West Bloomfield, NY: Aug. 30, 1814.
 p. plus integral address leaf. 4to on a folded folio sheet. Old fold lines, minor soiling; near fine. In a green half morocco and cloth clamshell case Item #248076
A hasty note written by Major General Jacob Brown to New York politician Nathan Williams, requesting more arms and equipment for the siege of Fort Erie, currently underway. The Americans, led by Brown, captured Fort Erie on July 3, 1814. British forces, led by Lt. General Gordon Drummond, engaged the Americans at the bloody Battle of Lundy's Lane on July 25th, where Brown was wounded; the Americans retreated to Fort Erie, and Brown was sent off to convalesce. After repeated sorties and engagements, the American commander, General Gaines, was gravely wounded and Brig. General Eleazer Ripley - who thought the whole operation was doomed to failure - took command. Brown, though not quite recovered from wounds taken at the battle of Lundy's Lane the previous month, was sent to replace the pessimistic Ripley as the commander of the Fort. Brown had made a name for himself at the battles of Sackett's Harbor and Lundy's Lane, and his actions at the Siege would cement his position as a national hero, winning him the Congressional Gold Medal in November 1814. Brown jotted this note before setting out to command the troops at the Fort. He writes:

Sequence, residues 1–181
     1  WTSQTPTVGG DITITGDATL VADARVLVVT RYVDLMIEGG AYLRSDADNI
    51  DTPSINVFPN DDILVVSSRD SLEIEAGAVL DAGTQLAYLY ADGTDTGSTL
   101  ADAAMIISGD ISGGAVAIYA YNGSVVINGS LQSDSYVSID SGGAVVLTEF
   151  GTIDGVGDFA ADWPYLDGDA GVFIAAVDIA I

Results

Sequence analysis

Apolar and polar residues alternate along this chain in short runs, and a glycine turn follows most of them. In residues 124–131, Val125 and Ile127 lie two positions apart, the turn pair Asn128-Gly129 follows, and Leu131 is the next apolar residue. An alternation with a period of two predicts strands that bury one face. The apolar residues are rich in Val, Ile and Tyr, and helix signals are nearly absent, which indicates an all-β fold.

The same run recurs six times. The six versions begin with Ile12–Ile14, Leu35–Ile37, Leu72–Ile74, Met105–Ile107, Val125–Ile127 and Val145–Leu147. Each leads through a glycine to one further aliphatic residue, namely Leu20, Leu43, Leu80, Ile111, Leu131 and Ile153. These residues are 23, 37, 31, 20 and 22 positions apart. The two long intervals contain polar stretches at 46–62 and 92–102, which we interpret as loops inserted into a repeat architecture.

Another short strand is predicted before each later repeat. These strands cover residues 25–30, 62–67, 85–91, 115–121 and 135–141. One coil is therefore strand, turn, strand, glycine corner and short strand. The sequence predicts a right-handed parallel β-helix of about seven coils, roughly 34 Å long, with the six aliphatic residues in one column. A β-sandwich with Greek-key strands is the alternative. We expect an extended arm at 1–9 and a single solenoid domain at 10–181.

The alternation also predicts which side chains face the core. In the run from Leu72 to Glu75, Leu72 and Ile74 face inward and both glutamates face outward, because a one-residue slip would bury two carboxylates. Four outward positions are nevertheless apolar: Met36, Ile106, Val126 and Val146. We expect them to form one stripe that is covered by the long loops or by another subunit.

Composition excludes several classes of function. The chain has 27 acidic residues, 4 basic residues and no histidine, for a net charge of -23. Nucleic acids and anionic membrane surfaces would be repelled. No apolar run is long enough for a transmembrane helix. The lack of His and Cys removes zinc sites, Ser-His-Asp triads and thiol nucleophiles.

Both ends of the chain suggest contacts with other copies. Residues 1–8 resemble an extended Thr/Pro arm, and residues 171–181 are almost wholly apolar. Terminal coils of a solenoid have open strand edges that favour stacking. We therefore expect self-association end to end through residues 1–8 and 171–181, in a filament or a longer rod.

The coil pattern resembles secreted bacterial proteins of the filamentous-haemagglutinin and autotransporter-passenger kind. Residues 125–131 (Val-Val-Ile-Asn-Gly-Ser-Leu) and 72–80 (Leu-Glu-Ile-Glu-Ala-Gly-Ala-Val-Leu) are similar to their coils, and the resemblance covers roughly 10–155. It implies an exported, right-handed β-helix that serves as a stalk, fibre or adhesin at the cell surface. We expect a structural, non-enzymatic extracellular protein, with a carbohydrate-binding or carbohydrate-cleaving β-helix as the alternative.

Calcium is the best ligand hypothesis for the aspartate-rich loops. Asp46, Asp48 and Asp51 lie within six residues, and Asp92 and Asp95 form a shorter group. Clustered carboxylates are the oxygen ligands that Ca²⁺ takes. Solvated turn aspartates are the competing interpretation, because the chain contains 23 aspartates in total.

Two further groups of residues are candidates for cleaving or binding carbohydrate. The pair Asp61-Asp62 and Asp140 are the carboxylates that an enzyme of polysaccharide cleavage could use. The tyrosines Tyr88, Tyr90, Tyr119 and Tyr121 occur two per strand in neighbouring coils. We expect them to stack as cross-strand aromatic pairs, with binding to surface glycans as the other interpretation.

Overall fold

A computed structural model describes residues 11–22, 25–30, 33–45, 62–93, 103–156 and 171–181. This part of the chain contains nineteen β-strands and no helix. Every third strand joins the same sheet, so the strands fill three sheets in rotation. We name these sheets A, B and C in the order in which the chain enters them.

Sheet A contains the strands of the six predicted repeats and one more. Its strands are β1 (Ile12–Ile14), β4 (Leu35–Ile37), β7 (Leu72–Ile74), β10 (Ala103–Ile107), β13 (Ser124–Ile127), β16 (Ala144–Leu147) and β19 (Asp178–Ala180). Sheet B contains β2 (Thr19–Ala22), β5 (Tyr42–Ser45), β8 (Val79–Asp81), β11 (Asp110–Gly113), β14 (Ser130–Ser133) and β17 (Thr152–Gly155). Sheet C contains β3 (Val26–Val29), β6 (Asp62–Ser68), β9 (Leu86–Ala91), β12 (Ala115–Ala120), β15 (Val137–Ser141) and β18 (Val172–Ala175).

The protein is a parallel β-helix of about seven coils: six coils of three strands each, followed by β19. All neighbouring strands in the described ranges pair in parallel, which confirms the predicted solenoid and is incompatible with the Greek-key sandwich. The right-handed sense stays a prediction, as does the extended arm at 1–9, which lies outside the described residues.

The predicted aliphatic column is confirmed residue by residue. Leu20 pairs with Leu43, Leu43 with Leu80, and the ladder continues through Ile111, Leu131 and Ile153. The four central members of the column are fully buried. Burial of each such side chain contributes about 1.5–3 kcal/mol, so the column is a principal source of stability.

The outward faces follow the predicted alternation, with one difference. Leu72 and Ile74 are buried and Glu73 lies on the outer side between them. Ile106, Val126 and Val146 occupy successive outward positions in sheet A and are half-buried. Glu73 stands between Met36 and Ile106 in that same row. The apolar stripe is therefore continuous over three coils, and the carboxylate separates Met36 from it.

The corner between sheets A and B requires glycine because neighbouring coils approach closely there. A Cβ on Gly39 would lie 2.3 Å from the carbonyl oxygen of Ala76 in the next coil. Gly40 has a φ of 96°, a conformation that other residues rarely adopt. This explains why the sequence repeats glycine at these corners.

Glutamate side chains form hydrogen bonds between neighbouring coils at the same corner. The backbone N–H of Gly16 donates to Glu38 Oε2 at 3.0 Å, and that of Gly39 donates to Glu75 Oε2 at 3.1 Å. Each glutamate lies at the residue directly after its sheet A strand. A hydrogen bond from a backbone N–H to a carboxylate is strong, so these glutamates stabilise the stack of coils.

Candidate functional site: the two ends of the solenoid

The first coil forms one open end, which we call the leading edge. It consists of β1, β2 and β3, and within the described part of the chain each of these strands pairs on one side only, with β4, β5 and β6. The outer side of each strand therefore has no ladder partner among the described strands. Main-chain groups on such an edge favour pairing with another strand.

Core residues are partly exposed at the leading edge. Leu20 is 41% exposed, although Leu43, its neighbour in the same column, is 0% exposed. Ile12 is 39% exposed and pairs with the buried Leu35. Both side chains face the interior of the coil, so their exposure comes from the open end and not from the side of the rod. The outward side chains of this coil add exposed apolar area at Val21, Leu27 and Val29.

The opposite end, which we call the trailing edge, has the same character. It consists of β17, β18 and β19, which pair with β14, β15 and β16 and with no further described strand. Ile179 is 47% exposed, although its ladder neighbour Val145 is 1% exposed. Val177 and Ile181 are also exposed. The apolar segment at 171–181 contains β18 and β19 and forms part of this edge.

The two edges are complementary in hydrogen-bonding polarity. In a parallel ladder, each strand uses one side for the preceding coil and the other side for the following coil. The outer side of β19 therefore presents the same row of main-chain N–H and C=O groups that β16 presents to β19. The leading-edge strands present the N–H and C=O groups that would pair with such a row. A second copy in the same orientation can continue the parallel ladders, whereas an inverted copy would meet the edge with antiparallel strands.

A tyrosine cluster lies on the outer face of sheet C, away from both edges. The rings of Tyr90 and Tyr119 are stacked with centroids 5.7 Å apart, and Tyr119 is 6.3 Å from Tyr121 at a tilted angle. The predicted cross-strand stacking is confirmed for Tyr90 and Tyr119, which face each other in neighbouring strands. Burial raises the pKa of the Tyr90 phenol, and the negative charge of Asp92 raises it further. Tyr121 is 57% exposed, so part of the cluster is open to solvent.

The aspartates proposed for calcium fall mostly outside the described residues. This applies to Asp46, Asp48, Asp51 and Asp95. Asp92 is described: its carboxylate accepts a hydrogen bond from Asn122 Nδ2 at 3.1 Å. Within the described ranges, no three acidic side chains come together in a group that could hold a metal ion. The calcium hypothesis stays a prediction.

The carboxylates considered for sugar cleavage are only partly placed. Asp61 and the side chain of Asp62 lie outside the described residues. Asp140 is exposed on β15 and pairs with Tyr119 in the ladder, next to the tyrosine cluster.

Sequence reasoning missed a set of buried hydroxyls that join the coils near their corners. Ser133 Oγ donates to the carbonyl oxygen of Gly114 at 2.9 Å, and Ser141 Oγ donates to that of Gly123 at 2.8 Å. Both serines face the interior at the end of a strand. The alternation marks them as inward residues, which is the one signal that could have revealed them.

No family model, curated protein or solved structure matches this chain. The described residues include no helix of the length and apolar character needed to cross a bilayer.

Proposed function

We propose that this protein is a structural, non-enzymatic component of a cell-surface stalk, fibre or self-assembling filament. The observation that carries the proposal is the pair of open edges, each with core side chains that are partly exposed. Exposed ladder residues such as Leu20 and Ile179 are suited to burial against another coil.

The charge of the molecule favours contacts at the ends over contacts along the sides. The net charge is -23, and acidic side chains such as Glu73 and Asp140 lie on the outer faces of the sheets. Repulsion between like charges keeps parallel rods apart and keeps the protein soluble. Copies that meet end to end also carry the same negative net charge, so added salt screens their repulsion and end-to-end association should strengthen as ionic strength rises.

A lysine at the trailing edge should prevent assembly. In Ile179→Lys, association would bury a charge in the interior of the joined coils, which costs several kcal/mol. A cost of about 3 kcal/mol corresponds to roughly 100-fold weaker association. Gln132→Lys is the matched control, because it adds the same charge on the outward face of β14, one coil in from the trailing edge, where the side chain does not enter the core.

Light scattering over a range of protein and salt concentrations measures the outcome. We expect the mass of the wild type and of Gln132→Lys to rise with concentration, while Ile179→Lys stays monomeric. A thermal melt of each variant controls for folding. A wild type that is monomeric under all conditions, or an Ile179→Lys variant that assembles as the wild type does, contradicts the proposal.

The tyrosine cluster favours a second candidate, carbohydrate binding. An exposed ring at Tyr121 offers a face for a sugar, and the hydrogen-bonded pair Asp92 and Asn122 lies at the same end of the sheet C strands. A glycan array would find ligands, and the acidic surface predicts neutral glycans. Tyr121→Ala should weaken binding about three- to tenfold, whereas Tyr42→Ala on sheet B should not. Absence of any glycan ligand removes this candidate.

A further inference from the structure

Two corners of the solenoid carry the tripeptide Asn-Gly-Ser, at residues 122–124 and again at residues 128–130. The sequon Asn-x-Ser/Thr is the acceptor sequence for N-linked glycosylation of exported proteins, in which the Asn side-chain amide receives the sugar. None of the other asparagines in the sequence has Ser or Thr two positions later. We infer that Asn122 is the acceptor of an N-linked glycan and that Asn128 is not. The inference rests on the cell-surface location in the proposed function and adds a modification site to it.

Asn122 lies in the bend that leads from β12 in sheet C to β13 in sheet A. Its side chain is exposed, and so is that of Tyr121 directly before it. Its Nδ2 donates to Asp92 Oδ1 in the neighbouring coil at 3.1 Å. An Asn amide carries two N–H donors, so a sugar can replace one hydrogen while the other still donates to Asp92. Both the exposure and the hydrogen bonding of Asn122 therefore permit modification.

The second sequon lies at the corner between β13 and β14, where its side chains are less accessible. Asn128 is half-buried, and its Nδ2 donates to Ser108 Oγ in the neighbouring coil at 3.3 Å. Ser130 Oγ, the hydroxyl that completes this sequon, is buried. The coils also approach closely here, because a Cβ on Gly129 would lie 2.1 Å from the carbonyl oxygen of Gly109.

"My dear Sir I am so far on my way towards Buffalo. The militia turn out better than was expected. We shall I fear be deficient in arms. You will jump into your easy carriage and ride to Rome as fast as possible upon the receipt of this and see that the keeper of the arsenal there forwards fifteen hundred stand with equipments compleat with all the rapidity possible. Your attention is of much importance."
A wonderful letter, written by Major General Jacob Brown on his way to the battle that would ensure his lasting fame.
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